Jurors in the Mary Treadwell fraud and conspiracy trial explained the record-setting length of their deliberations last night by describing their painstaking efforts in sifting evidence and their vigorous determination to reach a verdict on 21 complex charges.
"We all wanted to go home," said juror Randolph W. Tritell, 30, "but we all wanted to finish the job."
While the 12 members of the jury never came close to being deadlocked, said foreman Norman C. Washington, 50, they eventually required 131 hours of deliberation over 17 days because "we took the indictment line by line . . . ," and "we had a lot of evidence to look through."
"It was thorough," said a third juror, Magaleane Coleman, in outlining the process by which the panel found Treadwell guilty on eight counts, and not guilty on 13 others. There was "a lot of soul-searching and a lot of discussion," Coleman said.
Washington and Coleman said that jurors began by considering the charges of tax evasion, which they felt could be most easily disposed of, and concluded their deliberations by taking up the allegation of conspiracy to defraud the government and the residents of Clifton Terrace.
That charge was considered the most difficult to decide, and the jury took about a week in discussing it before finding Treadwell guilty, Coleman said. She said the jury "knew" a conspiracy existed. "The question was, was Mary Treadwell part of the conspiracy."
The jurors recognized that as the most difficult question, she said, in part because they "realized we would not see a 'smoking gun' per se . . . . "
Coleman said she and the others did not find their assignment a pleasant one. She said she was very much impressed by Treadwell's appearance on the witness stand in her own defense, and added: "I probably will not meet a more eloquent person in my lifetime.
" . . . I'm sorry it had to come to this," she said of the conviction.
Between acquitting her on three tax evasion charges and convicting her on the conspiracy charge, the jury found Treadwell guilty on seven charges of making false statements and not guilty on nine charges of false statements and one of wire fraud.
Some of these charges contained individual subcharges within them, which required individual consideration and extended the deliberations, jurors said.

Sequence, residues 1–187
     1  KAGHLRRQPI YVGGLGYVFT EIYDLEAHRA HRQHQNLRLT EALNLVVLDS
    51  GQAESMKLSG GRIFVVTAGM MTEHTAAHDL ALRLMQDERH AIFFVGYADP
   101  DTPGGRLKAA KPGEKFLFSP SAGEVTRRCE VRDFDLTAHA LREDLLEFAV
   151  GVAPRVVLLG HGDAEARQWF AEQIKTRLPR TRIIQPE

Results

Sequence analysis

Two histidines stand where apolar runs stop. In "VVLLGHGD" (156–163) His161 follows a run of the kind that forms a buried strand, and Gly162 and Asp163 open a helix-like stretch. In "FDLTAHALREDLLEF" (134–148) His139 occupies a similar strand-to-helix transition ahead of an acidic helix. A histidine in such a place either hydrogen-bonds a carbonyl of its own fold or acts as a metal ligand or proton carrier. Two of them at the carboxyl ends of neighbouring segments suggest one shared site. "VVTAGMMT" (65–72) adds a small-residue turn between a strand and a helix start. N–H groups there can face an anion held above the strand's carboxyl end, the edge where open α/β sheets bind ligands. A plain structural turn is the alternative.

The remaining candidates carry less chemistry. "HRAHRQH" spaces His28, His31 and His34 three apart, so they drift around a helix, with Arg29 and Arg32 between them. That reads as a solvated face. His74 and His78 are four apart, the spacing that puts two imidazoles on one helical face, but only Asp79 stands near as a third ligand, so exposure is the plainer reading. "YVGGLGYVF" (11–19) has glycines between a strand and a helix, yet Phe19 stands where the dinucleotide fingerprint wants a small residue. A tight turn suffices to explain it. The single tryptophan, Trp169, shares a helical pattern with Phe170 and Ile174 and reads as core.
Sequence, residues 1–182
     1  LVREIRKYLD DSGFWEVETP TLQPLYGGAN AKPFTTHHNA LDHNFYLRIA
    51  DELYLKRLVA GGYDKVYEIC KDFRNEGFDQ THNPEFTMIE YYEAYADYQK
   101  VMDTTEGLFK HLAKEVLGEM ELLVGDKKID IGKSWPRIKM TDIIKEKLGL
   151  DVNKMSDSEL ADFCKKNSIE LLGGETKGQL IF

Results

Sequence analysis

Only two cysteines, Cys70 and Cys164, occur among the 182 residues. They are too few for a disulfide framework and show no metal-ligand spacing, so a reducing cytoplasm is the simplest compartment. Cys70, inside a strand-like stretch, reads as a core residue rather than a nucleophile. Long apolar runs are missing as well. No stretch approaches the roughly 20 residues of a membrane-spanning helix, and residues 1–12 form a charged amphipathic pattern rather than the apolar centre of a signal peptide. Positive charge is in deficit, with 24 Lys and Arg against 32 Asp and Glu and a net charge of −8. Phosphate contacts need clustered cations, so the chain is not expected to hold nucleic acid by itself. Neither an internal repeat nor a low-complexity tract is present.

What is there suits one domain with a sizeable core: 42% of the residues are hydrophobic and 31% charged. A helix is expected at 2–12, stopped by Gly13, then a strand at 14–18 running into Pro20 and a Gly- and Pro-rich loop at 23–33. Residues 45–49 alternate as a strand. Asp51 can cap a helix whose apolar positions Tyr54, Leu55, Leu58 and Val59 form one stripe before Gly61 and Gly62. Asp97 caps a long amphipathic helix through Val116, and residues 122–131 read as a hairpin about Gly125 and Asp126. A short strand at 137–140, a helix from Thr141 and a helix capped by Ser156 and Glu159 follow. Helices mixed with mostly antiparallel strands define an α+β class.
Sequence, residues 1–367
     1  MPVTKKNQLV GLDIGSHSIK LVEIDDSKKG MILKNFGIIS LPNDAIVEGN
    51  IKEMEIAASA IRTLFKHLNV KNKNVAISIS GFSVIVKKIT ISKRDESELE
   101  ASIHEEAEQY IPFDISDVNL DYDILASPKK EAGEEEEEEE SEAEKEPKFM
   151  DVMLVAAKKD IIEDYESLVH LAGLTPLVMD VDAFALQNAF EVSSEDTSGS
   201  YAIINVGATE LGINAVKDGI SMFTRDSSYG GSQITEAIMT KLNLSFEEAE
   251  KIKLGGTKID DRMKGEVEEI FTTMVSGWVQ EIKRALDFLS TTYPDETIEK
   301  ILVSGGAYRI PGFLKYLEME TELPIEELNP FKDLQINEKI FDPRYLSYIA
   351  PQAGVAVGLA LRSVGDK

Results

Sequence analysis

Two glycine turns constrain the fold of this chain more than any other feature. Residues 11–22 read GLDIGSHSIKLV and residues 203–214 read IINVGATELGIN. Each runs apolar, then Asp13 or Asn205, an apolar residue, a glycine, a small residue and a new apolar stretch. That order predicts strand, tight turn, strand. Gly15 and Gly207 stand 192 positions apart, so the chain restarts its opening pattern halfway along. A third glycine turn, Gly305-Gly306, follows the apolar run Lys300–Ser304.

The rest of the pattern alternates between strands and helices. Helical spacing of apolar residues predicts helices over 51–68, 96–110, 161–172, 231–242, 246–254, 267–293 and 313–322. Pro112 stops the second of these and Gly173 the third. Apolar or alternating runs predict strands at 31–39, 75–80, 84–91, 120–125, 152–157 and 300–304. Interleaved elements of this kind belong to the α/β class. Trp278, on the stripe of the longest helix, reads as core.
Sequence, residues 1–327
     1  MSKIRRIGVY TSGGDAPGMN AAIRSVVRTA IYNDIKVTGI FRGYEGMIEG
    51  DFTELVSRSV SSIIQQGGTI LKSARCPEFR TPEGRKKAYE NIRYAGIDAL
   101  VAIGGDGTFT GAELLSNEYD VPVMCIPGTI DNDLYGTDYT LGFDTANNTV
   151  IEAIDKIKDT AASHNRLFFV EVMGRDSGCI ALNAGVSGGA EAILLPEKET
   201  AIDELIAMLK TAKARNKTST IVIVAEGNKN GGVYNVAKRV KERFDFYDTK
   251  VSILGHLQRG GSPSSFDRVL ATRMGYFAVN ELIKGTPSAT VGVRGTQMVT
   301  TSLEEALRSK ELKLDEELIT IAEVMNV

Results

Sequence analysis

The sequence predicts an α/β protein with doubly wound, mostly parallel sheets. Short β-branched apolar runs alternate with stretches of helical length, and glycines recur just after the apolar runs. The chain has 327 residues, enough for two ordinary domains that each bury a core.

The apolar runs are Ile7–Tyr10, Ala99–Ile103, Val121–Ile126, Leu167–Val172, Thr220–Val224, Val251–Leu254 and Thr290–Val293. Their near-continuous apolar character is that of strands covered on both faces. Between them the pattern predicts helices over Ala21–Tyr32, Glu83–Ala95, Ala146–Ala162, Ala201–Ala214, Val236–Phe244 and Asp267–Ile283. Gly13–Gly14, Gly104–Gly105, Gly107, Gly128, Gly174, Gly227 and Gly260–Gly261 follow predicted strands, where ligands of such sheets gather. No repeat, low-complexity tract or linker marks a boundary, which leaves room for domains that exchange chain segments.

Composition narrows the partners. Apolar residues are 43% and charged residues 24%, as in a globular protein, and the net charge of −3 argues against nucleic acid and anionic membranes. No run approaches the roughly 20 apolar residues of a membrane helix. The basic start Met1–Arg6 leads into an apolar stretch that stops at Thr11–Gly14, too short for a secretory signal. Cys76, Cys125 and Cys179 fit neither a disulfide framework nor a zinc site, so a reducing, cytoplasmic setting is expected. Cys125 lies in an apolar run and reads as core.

"It was a very complicated case," said juror Tritell, a lawyer with the Federal Trade Commission. "It was five years in the making . . .there was a 35-page indictment, there were multiple charges, boxes of documents and four weeks of evidence.
"We decided we were going to go through everything piece by piece, line by line and consider everything."
Questioned about how his position as a lawyer may have influenced deliberations, he said that "on some points I had some points to offer from my background, which was helpful, but many times other jurors from their own experience were able to assist the rest of us.
"It was an ongoing process, we talked about things, we came back to things, until it all got resolved . . . .
Coleman had particular praise for foreman Washington, a civilian computer systems analyst for the Army. "We had the best foreman in the world," she said. " . . . . He refused to let us make a decision until everybody's view was heard . . . until you had a basis for decision."
During the deliberations, she said, jurors "didn't just say 'guilty because I feel it' . . . . There was none of that."
Defense attorney John W. Nields Jr. expressed the belief after the verdict came in yesterday that the jury had reached its conclusion through "confusion and compromise."
But Coleman rejected the idea. "If we had compromised," she said last night, "we would have been out about two weeks ago."
At one point in the trial, defense attorney Nields told Judge John Garrett Penn that "there is a real danger the jury is not going to be able to understand" the technical intricacies of the various charges.
On July 11, at the start of the third day of deliberations, the jurors, in response to their request, were given the estimated 400 government reports, documents, bank checks, memos and notes introduced as evidence during the trial.
Coleman said last night that there was much that was difficult at first to understand, but that the exhibits made these areas clear.
Noting that the jury included 11 blacks, Coleman said that convicting Treadwell, who she said had made a particularly strong impression on the witness stand, "was not easy for us."